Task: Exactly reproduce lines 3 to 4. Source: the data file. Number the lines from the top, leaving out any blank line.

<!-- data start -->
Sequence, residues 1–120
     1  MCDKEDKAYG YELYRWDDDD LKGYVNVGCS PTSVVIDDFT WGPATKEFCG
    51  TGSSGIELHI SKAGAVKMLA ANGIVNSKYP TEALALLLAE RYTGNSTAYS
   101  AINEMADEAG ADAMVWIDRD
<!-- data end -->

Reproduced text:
    51  TGSSGIELHI SKAGAVKMLA ANGIVNSKYP TEALALLLAE RYTGNSTAYS
   101  AINEMADEAG ADAMVWIDRD